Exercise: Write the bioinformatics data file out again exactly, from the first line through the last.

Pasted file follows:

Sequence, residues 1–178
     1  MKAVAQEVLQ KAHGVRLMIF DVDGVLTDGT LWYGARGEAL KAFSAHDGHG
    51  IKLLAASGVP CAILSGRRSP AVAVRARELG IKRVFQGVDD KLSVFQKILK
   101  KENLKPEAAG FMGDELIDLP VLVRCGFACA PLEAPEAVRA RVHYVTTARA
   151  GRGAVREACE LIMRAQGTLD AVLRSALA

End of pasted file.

Sequence, residues 1–178
     1  MKAVAQEVLQ KAHGVRLMIF DVDGVLTDGT LWYGARGEAL KAFSAHDGHG
    51  IKLLAASGVP CAILSGRRSP AVAVRARELG IKRVFQGVDD KLSVFQKILK
   101  KENLKPEAAG FMGDELIDLP VLVRCGFACA PLEAPEAVRA RVHYVTTARA
   151  GRGAVREACE LIMRAQGTLD AVLRSALA